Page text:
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Socialism

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Created by: DUKAT!!!!

leroybrock

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POSTS: 213

Report this Feb. 12 2013, 3:55 pm

If you're not going to provide a source for such vague and questionable statistical claims I'm not going to bother taking it in context.

I Am Ultra Narcissus.

FleetAdmiral_BamBam

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POSTS: 46303

Report this Feb. 12 2013, 3:58 pm

Quote: Irina Galliulin @ Feb. 12 2013, 3:50 pm

Quote: FleetAdmiral_BamBam @ Feb. 12 2013, 3:42 pm

Quote: Irina Galliulin @ Feb. 12 2013, 3:23 pm

>

>

>

>If you don't work, everybody doesn't eat.

>
Not sure what you're saying here.

I'm saying that if people don't work, the whole society is affected, which is motivation for people to work harder.

But that's too macro for the majority of people and, for the most part, not motivating.  Who determines what's for the good of society?  We see our own lives and do what we can to meet our own needs.  To do so, we must provide something of value to society so we have the ability to meet our own need.

Irina Galliulin

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POSTS: 38

Report this Feb. 12 2013, 4:03 pm

"We see our own lives and do what we can to meet our own needs."


Why just our own? If somebody needed your help, wouldn't you help them?


Катя

leroybrock

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POSTS: 213

Report this Feb. 12 2013, 4:03 pm

Someone arguing for a libertarian outcome calling someone a troll is just laughable. At least such nonsense has made me jolly. Good show sir and have fun with your armchair economics.

I Am Ultra Narcissus.

FleetAdmiral_BamBam

GROUP: Members

POSTS: 46303

Report this Feb. 12 2013, 4:11 pm

Quote: Irina Galliulin @ Feb. 12 2013, 4:03 pm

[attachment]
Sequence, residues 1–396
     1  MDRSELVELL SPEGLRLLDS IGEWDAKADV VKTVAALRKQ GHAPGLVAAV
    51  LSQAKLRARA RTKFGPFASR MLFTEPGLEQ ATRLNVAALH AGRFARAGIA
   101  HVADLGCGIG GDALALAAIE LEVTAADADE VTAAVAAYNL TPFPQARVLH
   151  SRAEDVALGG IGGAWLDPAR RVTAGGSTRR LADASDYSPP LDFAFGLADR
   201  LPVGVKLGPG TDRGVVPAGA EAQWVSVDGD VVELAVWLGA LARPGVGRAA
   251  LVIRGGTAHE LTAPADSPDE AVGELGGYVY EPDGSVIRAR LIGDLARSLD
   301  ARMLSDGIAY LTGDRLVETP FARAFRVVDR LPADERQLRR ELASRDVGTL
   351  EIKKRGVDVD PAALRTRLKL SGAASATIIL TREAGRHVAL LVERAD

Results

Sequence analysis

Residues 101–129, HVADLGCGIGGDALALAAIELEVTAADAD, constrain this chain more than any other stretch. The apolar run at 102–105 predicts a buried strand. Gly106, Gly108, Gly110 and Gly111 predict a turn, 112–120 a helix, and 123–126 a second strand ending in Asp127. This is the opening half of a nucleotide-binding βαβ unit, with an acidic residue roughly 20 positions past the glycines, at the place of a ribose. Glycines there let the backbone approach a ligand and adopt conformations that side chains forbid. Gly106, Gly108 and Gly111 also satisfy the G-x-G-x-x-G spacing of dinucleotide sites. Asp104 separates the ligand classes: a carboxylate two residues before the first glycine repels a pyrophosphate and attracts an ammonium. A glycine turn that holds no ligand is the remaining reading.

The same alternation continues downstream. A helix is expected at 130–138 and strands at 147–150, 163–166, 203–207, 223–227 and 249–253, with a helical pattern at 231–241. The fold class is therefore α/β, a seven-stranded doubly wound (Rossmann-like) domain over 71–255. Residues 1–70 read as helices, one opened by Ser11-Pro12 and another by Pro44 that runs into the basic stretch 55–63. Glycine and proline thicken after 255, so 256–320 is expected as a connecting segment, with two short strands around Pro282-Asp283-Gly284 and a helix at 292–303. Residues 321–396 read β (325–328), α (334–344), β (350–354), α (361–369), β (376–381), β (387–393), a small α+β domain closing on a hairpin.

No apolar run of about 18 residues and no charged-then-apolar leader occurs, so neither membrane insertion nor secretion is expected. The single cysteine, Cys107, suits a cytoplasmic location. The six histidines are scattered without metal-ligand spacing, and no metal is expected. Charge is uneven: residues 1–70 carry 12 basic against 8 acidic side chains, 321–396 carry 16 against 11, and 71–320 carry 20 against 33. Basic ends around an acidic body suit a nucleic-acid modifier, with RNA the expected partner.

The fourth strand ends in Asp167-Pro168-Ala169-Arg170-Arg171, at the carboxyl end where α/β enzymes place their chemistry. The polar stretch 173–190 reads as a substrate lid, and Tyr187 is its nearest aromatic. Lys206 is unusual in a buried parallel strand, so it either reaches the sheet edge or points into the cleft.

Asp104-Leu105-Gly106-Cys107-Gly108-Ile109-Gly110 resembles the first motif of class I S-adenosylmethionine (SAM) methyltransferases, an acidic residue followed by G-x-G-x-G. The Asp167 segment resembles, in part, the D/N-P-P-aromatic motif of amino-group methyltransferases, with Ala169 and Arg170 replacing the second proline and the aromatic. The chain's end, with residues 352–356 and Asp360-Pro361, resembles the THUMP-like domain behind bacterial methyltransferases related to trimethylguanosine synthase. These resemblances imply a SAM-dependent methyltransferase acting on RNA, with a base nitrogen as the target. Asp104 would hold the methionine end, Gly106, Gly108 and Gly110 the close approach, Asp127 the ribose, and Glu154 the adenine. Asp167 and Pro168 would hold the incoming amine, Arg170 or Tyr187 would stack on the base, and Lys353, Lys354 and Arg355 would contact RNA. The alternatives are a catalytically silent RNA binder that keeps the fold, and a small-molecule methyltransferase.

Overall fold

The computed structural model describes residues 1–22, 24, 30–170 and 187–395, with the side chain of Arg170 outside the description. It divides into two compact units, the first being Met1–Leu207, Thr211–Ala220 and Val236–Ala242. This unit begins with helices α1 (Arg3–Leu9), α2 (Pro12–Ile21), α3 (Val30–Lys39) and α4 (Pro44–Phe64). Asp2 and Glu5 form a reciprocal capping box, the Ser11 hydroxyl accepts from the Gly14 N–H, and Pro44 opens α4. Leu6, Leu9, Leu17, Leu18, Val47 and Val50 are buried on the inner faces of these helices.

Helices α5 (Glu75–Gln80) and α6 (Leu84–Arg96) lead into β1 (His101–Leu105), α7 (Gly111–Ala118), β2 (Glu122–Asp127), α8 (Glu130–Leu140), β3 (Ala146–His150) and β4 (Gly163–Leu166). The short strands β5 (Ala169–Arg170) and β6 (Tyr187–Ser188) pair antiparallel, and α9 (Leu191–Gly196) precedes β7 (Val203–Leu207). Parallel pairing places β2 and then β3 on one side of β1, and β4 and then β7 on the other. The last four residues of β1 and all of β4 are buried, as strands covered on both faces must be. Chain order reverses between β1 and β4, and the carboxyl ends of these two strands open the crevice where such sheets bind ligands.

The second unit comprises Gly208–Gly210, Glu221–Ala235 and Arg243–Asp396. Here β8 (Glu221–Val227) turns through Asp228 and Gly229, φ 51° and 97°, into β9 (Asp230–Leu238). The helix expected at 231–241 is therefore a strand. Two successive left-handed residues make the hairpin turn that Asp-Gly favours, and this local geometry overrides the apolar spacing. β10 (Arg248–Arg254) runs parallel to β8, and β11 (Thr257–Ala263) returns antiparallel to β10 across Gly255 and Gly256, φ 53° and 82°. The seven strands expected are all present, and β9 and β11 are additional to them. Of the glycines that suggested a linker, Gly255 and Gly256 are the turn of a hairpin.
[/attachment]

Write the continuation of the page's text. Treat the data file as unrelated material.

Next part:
>

>"We see our own lives and do what we can to meet our own needs."

>Why just our own? If somebody needed your help, wouldn't you help them?

>
Maybe.  There is nothing wrong with helping others, but there's also a limit.


For example, I help with a soup kitchen and we told people that if they came too often (basically abusing the privilige of getting free food,) then they needed to help.  Some got really upset and said they'd go get their free meal somewhere else.  Others (small minority) were very much enthusiastic to help out.  (I actually hired one to work for me.)


 


But this isn't about "helping".... go back to the basics of this conversation - the idea that all people will live for others and trade their work, their skills & time for nothing.  Nobody has the right to demand that of me and I don't have the right to demand that of anyone else.


 


One of my favorite books is "Atlas Shrugged."  In it, there's an oath that makes a lot of sense: "I swear by my life, and my love of it, that I will never live for the sake of another man, nor ask another man to live for mine."

Irina Galliulin

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POSTS: 38

Report this Feb. 12 2013, 4:17 pm

I guess that makes sense, but sometimes its not people taking advantage, sometimes they actually aren't good at working. What about people with mental disabilities? Maybe they can't work well. In capitalism, they would grow poorer and poorer. Technically it's fair, but it's horrible anyway.


Катя

FleetAdmiral_BamBam

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POSTS: 46303

Report this Feb. 12 2013, 4:42 pm

Quote: Irina Galliulin @ Feb. 12 2013, 4:17 pm

>

>I guess that makes sense, but sometimes its not people taking advantage, sometimes they actually aren't good at working. What about people with mental disabilities? Maybe they can't work well. In capitalism, they would grow poorer and poorer. Technically it's fair, but it's horrible anyway.

>
Why is it horrible for you to pursue happiness.... and succeed or fail on your own merits?  Yes, some people succeed a lot more than the rest and some people never really do well.  It's like some people are taller or smarter or more athletic or handsome and others are not.


Yes... it is fair that someone won the Superbowl and the other 31 teams didn't.  Yes, it is fair that I can't sing a note, but others rock the world.  Yes, it is fair that we get a choice of competing products - which means some win and some lose.  Yes, it is fair that you get to do what you want to do and have the possibility to succeed!